A concept first discussed publicly by the Government itself, the Health Secretary is trying to put the genie back in the bottle – something which must not be allowed when people’s lives are the cost.
“It’s been rubbish from start to finish,” the Health Secretary insisted on The Andrew Marr Show on Sunday. “My job is to save lives and to tackle this virus the very best we can. We’ve had a clear strategy all the way through which we’ve published… When people write articles about all of this, I just want them to know that they’re talking nonsense. What has been absolutely clear in our response is our strategy is to bend the curve down to make sure the curve is always below NHS capacity.”
Matt Hancock’s response to whether the Government’s initial attempts to follow a ‘herd immunity’ approach to tackling the Coronavirus had cost it valuable time, was a classic exercise in deflection.
Earlier in the week, US President Donald Trump – demonstrating just how special the ‘special relationship’ is – had referred to it as “a concept if you don’t mind death, a lot of death” which “they were looking at in the UK… and all of a sudden they went hard the other way because they started seeing things that weren’t good, so they put themselves in a little bit of a problem. It would have been very catastrophic”.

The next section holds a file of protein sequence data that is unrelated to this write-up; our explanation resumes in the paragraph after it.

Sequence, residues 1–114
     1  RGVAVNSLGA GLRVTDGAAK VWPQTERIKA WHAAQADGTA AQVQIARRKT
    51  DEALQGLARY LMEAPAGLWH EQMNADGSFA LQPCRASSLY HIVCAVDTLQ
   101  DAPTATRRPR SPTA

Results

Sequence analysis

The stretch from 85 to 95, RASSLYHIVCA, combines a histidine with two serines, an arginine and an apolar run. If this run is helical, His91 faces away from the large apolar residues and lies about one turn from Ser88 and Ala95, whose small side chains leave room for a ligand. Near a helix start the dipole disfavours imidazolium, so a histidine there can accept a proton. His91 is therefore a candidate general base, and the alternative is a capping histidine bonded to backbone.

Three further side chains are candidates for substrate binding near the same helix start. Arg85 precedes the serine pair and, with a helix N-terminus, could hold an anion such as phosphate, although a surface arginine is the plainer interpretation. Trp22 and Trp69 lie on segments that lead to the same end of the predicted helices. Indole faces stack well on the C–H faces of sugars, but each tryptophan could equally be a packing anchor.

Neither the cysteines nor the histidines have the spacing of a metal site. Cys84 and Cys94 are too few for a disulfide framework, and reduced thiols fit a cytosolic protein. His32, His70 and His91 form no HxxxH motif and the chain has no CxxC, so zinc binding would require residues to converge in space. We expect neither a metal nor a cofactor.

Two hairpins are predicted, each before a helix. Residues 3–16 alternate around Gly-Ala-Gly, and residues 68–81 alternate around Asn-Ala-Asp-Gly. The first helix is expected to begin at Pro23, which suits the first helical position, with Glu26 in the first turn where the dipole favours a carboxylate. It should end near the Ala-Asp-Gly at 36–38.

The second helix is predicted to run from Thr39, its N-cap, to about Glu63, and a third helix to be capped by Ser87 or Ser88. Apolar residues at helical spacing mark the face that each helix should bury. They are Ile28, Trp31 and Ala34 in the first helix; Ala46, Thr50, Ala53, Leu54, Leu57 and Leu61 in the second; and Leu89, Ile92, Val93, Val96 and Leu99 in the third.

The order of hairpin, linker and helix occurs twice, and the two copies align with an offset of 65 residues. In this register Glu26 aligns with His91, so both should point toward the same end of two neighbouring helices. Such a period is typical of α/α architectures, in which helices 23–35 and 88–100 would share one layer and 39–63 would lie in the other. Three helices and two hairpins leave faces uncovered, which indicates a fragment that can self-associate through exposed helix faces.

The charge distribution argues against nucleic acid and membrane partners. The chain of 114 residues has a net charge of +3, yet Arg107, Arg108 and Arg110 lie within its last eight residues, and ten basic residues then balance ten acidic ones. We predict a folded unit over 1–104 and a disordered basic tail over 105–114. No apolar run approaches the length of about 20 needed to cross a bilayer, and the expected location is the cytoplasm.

Asked about why Trump would say this, or why the Government’s own Chief Scientific Advisor had referred to herd immunity if it was never part of the plan, Hancock told Marr that it was a “scientific concept” and not “the goal and strategy of the Government”. Paradoxically, he then also added that “in the future, when we learn all of the lessons that we possibly can, people will no doubt have this debate”.
His main message, though, was that to question the Government about herd immunity now is a “distraction”.
How in all honesty can he say this? How can a concept first put into public discussion by his Government and its advisors now be a tool of distraction being used by others to deflect from the unquestionable priority of saving lives? The point he is trying to dodge is a simple one. It is not about whether mentioning herd immunity now is a distraction, but how making herd immunity a point of focus was a distraction of the Government’s own making – one which cost it vital time and is hastily being buried, even as others call for its resurrection.